The site of Iasos has been settled continuously since the Early Bronze Age. In early times, Iasos was influenced by the culture of the Cyclades islands.

During the 1970s, archaeological excavations at Iasus revealed Mycenean buildings (with two "Minoan" levels underneath them).

"At Iasus, Mycenaean buildings, approximately dated by the presence of LH IIIa ware, have been found below the protogeometric cemetery. Below this again two 'Minoan' levels are reported, the earlier containing local imitations of MM II-LM I ware, the later imported pieces of the Second Palace Period (AJA [1973], 177-8). Middle and Late Minoan ware has also occurred at Cnidus (AJA [1978], 321)."[10]

Other archaeological finds cover Geometric, Hellenistic and Roman periods, through the Byzantine period.

Outstanding remains in Iasos include an Artemis stoa and Roman villas.

Church history edit

Four of its bishops are known: Themistius in 421, Flacillus in 451, David in 787, and Gregory in 878 (Michel Le Quien, Oriens Christianus I:913). The see is mentioned in the Nova Tactica, 10th century (Heinrich Gelzer, Georgii Cyprii descriptio orbis romani, nos. 340, 1464), and more recently in the Notitiae Episcopatuum.

Iasus is listed among the titular sees of Caria in the Annuario Pontificio.[11] The titular see has had the following[12][13] [14] Bishops:

  • Bishop Salvador Martinez Silva (1940.08.10 – 1969.02.07)[15][16]
  • Bishop Antonio Laubitz (1924.11.08 – 1939.05.17)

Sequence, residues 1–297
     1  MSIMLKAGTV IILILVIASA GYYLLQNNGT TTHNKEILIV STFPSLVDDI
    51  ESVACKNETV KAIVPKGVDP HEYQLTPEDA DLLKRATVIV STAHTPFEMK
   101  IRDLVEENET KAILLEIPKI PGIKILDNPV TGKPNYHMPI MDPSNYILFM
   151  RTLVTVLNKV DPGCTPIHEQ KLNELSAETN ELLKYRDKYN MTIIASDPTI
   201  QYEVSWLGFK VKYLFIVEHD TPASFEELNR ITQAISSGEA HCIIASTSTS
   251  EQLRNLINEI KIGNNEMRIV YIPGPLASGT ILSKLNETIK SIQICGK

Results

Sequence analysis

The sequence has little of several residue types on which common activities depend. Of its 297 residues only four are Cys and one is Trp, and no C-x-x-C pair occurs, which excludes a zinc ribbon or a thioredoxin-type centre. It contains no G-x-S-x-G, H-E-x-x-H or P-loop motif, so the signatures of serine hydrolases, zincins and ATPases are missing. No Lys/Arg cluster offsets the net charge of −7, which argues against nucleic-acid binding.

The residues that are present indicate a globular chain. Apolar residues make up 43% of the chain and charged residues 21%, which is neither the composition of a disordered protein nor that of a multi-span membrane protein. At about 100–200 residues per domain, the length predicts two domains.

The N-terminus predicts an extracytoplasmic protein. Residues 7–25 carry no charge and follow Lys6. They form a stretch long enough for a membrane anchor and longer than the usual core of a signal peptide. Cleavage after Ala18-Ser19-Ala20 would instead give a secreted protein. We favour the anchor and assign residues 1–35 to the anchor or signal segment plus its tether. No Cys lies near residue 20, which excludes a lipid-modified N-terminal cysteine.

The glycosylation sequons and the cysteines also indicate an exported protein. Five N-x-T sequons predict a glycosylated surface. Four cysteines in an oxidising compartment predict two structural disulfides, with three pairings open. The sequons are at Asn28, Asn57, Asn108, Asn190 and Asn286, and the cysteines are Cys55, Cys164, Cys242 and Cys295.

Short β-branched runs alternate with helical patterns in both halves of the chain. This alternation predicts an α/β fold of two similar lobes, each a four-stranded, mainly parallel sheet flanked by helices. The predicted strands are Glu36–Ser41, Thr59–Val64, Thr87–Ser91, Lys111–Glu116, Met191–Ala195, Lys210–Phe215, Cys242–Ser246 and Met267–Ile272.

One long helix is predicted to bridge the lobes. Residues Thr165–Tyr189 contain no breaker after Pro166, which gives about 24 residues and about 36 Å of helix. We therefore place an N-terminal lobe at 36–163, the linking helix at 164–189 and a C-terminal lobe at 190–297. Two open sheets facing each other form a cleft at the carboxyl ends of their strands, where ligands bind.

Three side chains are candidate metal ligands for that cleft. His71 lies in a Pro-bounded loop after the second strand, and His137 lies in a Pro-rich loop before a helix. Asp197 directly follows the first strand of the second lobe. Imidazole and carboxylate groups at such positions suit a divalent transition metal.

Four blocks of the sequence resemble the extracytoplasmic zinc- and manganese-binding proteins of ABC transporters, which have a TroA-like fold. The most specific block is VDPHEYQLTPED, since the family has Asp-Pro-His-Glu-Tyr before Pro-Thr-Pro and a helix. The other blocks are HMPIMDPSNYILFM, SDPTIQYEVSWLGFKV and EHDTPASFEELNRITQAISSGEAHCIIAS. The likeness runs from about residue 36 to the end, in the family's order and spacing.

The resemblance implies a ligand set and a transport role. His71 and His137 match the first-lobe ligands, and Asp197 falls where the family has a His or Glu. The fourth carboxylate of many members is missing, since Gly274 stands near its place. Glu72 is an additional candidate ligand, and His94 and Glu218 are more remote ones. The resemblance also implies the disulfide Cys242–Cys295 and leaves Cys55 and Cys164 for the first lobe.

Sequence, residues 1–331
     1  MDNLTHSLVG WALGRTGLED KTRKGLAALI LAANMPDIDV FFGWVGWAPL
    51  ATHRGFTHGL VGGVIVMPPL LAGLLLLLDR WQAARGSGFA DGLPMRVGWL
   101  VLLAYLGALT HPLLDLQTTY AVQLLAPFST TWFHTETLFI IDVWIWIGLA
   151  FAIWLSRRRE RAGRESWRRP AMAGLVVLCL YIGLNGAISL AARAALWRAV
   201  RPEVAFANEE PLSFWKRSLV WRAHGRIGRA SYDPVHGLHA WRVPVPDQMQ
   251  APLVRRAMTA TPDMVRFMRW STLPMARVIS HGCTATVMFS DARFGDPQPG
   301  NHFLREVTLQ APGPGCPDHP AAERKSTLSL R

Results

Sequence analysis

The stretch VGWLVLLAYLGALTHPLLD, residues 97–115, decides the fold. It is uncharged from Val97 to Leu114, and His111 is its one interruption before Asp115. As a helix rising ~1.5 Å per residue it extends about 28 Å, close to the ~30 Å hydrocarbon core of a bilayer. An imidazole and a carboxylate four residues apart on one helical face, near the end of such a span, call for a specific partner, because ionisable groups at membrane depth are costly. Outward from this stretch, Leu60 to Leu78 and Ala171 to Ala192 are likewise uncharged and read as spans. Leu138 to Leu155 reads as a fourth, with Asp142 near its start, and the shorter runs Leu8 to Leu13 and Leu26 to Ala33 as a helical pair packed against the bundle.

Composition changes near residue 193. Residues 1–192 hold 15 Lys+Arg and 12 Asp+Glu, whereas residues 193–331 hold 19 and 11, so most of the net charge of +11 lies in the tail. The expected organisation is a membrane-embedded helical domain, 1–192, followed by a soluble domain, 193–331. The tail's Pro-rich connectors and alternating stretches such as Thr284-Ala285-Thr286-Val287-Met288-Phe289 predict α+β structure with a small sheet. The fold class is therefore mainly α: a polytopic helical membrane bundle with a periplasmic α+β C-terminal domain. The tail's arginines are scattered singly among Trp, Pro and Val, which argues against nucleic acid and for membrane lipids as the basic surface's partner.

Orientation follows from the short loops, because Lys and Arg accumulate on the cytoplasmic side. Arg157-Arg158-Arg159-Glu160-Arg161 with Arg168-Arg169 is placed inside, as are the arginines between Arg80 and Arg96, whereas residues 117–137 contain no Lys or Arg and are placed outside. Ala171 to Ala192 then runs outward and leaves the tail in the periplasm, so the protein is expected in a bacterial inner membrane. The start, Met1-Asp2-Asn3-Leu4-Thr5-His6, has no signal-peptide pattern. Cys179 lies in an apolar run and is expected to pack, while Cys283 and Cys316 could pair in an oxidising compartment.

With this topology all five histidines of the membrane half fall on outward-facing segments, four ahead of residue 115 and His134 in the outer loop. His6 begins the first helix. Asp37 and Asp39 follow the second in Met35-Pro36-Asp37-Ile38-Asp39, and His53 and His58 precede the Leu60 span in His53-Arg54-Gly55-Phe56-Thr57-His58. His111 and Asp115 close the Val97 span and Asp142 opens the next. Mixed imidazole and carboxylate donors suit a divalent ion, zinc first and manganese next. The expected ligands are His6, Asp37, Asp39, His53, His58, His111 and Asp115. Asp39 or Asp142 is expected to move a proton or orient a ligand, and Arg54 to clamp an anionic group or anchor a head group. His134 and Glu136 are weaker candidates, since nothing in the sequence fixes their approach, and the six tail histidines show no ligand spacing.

• Bishop Gregorio Ignazio Romero (1899.06.19 – 1915.02.21)
  • Bishop John Joseph Keane (later Archbishop) (1888.08.12 – 1897.01.29)
  • Bishop Gaetano d'Alessandro (later Archbishop) (1884.03.24 – 1888.03.18)
  • Bishop Étienne-Louis Charbonnaux, M.E.P. (1844.07.08 – 1873.06.23)
  • Bishop Ernst Maria Ferdinand von Bissingen-Nieppenburg (1801.12.23 – 1820.03.12)
  • Bishop Emanuel Maria Graf Thun (1797.07.24 – 1800.08.11)
  • Bishop-elect Bartolome Gascon (1727.03.17 – ?)

Gallery edit

See also edit

Notes edit

  1. ^ Thucydides VIII:28, Polybius XVI:12, XVII:2, Livy XXIII:30
  2. ^ Polybius. Historiae, xvi. 12.
  3. ^ Thucydides. History of the Peloponnesian War, viii. 28.
  4. ^ Strabo. Geographia, xiv.
  5. ^ Polybius. Historiae, xvii. 2; Livy. Ab Urbe condita, xxxii. 33; Ptolemy. Geographia, v. 2; Pliny. Naturalis Historia, v. 29.
  6. ^ Paul the Silentiary. Description of Hagia Sophia, ii. 213.
  7. ^ Livy. The History of Rome, [1].
  8. ^ Athenaeus. Deipnosophistae, iii., xiii.
  9. ^ British Museum Collection
  10. ^ Mitchell, S.; McNicoll, A. W. (1978–1979). "Archaeology in Western and Southern Asia Minor 1971–78". Archaeological Reports (25): 59–90.
  11. ^ Annuario Pontificio 2013 (Libreria Editrice Vaticana 2013 ISBN 978-88-209-9070-1), p. 911
  12. ^ Pius Bonifacius Gams, Series episcoporum Ecclesiae Catholicae, Leipzig 1931, p. 448.
  13. ^ Michel Le Quien, Oriens christianus in quatuor Patriarchatus digestus, Parigi 1740, Tomo I, coll. 913-914.
  14. ^ Konrad Eubel, Hierarchia Catholica Medii Aevi, vol. 5, p. 226; vol. 6, p. 241.
  15. ^ David M. Cheney, Iasos at catholic-hierarchy.org.
  16. ^ Iasos, at GCatholic.org.

References edit

  • Herbermann, Charles, ed. (1913). "Jassus" . Catholic Encyclopedia. New York: Robert Appleton Company.
  • Grande Encyclopédie, s.v. Iasos 20:505.
  • Fede Berti, Roberta Fabiani, Zeynep Kızıltan, Massimo Nafissi (ed.), Marmi erranti. I marmi di Iasos presso i musei archeologici di Istanbul. Gezgin Taşlar. Istanbul Arkeoloji Müzeleri'ndeki Iasos Mermerleri. Wandering marbles. Marbles of Iasos at the Istanbul Archaeological Museums. (Istanbul Arkeoloji Müzeleri 7.12.2010 – 4.7.2011). Istanbul: Istanbul Arkeoloji Müzeleri Müdürlüğü, 2010.

External links edit